Tough times at budget hearing

Citizens bring pet projects seeking money from county

December 20, 2009|By Larry Carson | larry.carson@baltsun.com

Dreams don't die, even in the worst recession in memory, which is why Sean Costello of Ellicott City brought his family to Howard County Executive Ken Ulman's annual budget hearing to bolster his plea for a 50-meter indoor swimming facility.

Costello and other pool boosters, along with people from Elkridge who want a new firehouse, a larger library, a new elementary school and a potential high school site, added to the often-heartfelt pleas from people representing service nonprofits not to cut already diminished state funding. That's not counting the standard defense of spending on county schools, libraries and Howard Community College, all of which see growing demands without growing revenue.

Bryan Booth of Ellicott City got so emotional that he had to pause in describing how much the outmoded Ellicott City library means to his seventh-grade son, who is teased by peers for reading so much but is greeted as a friend by library staff.

"He comes in and he's home," Booth said. A groundbreaking on a new, larger library and county historical center is expected in February.

All those pleas and more followed Ulman's gloomy opening remarks at the session at school board headquarters. Ulman will have another hearing in March before announcing his proposed budget in April. The new fiscal year starts July 1.

"As tough as it is this fiscal year, next fiscal year is even worse," the executive told a crowd of about 100 at the Wednesday night hearing. The county-funded portion of last fiscal year's operating budget was $854 million, which dropped to $820 million this year, and will likely drop to about $800 million next year, he said.

At the same time, as he and budget director Raymond S. Wacks had explained just that morning to Howard's contingent to the General Assembly at Ulman's annual legislative breakfast, the county faces about $12 million in reduced local and state revenue this year. But he must come up with $2 million more for next year's elections, about $7 million more to satisfy the state's mandatory per-student spending threshold under the school maintenance-of-effort law, plus higher retirement, health care and other inflationary costs. And since he can't cut schools, Ulman said all the cutting so far has come from about 30 percent of the budget he controls. There's really nothing easy left to cut, he said.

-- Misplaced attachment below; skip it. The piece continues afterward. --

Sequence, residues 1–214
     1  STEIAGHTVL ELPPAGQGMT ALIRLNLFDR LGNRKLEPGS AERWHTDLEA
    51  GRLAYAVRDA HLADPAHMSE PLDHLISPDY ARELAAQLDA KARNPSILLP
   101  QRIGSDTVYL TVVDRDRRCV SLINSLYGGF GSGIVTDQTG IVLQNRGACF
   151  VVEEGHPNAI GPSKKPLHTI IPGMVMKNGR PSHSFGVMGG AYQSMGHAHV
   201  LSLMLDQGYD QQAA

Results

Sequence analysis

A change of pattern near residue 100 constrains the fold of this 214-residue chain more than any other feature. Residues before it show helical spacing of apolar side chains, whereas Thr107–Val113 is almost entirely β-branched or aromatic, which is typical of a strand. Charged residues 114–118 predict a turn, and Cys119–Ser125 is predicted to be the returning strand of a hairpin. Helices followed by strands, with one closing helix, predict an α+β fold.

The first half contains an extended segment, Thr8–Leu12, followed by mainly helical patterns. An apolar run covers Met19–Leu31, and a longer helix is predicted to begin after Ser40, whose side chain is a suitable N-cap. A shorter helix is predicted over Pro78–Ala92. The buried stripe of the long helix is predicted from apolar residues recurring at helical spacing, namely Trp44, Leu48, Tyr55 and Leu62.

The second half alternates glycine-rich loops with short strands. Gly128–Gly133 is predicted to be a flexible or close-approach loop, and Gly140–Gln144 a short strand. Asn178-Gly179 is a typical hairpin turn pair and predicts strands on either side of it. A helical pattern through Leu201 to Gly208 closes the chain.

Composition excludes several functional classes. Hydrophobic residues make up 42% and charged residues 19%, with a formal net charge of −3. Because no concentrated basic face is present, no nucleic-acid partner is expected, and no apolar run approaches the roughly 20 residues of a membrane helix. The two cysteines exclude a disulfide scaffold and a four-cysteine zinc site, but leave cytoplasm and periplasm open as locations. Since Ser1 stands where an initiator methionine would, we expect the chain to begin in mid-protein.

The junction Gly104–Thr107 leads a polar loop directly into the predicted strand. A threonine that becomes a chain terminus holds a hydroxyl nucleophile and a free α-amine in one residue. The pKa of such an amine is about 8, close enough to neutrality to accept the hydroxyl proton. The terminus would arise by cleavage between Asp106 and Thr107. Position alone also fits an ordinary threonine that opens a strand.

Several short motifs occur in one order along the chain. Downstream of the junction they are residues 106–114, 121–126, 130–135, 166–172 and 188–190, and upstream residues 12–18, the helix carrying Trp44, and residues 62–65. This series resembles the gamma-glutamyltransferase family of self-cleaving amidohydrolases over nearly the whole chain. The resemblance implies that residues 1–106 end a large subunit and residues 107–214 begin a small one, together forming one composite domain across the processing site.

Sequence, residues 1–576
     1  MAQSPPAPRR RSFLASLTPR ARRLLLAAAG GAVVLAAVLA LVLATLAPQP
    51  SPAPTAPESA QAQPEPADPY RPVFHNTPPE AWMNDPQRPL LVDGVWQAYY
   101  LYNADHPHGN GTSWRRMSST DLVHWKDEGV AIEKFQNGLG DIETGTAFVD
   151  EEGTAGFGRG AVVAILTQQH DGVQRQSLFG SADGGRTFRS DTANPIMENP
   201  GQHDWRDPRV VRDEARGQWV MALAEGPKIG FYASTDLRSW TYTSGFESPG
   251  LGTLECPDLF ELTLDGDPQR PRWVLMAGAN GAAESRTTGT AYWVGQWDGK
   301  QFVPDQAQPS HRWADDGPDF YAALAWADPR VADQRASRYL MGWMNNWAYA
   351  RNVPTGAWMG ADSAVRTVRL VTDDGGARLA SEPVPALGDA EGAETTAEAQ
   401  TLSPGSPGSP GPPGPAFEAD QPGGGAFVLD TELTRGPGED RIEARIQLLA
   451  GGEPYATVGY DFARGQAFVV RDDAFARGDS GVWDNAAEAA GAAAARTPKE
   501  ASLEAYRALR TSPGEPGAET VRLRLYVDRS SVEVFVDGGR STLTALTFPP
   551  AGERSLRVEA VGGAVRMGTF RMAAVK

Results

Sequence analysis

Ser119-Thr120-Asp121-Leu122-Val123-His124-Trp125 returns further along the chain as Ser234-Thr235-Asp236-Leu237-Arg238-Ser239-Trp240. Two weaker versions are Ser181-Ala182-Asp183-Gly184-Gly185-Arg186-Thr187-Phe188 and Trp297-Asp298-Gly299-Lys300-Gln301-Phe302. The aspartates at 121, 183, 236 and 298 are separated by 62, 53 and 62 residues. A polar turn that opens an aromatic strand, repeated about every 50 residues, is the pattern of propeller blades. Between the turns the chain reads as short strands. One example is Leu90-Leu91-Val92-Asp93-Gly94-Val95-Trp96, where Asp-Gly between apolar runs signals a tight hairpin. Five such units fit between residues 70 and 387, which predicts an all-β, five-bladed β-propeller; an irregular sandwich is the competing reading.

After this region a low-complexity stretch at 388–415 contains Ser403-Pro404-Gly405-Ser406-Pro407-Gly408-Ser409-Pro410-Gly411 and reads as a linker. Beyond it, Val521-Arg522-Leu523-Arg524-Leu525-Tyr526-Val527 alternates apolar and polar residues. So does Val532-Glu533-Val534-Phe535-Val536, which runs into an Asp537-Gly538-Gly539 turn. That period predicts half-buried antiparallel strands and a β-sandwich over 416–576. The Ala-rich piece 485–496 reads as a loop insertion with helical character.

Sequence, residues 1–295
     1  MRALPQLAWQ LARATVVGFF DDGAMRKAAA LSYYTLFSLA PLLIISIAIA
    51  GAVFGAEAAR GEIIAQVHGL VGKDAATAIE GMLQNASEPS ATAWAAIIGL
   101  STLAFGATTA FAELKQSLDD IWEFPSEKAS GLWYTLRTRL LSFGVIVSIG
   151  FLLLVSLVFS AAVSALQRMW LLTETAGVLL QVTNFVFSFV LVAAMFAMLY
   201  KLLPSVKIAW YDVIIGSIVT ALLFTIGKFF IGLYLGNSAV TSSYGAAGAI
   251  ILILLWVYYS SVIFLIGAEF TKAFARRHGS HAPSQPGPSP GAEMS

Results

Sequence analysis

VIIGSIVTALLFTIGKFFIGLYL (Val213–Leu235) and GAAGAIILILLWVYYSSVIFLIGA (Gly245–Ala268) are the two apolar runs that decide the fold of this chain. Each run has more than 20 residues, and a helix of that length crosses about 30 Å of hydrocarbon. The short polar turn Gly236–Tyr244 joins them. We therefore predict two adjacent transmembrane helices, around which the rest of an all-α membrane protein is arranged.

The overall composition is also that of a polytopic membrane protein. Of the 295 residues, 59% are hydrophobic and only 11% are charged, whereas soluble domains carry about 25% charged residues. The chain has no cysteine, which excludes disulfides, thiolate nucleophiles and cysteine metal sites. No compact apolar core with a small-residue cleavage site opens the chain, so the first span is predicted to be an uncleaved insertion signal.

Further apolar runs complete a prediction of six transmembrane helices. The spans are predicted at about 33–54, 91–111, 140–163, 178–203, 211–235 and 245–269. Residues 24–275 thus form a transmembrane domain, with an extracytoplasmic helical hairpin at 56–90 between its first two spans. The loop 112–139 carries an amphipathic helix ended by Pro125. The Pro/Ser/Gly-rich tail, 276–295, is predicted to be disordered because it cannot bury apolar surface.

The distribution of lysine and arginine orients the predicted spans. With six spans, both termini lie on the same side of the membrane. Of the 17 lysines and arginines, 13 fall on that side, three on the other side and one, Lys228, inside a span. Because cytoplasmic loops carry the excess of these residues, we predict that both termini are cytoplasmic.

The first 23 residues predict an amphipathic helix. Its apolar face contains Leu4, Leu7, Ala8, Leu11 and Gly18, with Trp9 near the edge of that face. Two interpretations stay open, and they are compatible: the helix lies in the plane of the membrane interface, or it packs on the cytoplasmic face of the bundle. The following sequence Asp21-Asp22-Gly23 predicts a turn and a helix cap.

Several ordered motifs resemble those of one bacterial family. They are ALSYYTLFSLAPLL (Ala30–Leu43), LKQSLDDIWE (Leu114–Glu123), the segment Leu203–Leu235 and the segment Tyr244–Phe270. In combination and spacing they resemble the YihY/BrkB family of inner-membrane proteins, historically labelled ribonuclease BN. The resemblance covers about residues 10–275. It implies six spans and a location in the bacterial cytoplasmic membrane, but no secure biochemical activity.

"We are now deep into the same situation you are in with very little if any revenue growth," Wacks told the eight General Assembly members Wednesday morning.

The message at the evening hearing was the same, if less detailed.

With the state having to cut another $2 billion for fiscal 2011, "certainly local governments have a target on our backs," Ulman told the budget hearing crowd. Even several Republican political candidates who spoke urging no tax increases acknowledged that Ulman knows the problem.

But that didn't discourage Costello or several other pool advocates, who have been pushing for a multimillion-dollar Olympic-quality indoor pool for several years. Ulman has been sympathetic in years past, but said nothing this time as they sought some sign that he would commit to the project when times improve.

"At least take a concrete step to make it a reality," Costello pleaded, flanked by his two middle-school-age sons. A pool would serve the county's large aquatic community and county high schools that have no swim teams, and it would attract revenue over time, he argued.

"At the risk of sounding like a broken record, dedicate a token amount of seed money - maybe $200,000 - as a statement of support" for a pool, urged Diane Goodridge.

But Ulman also heard from people like Mimi O'Donnell, president of the Board of Grassroots Crisis Intervention Center, the county's homeless shelter, who said requests for services are up 37 percent this year, and Harry Schwarz speaking for the Association of Community Services, an umbrella group for more than 100 human service nonprofits.

He listed the huge funding losses from state cuts at a time when service demands are rising. That has meant two job cuts at Grassroots and less money for emergency motel rooms, the loss of interpreters for maternity clinic patients served by FIRN, which works with immigrants, and the loss of the Health Department's maternity clinic.

At the same time, school Superintendent Sydney L. Cousin said his enrollment is up but his budget is $400,000 less, and school board Chairwoman Ellen Flynn Giles said the board needs every penny of the $99.9 million requested for capital expenses, half of which would go for renovations.

"I'm just glad you didn't ask for $100 million," Ulman said jokingly.

Howard Community College President Kathleen Hetherington said enrollment is up 12 percent this fall at her school, but the college needs a $12 million parking garage to make room for a new health sciences building.

"There is really no choice but to get through this together," college board president T. James Truby told Ulman, who was flanked on the dais by Wacks and Lonnie Robbins, the county's chief administrative officer.

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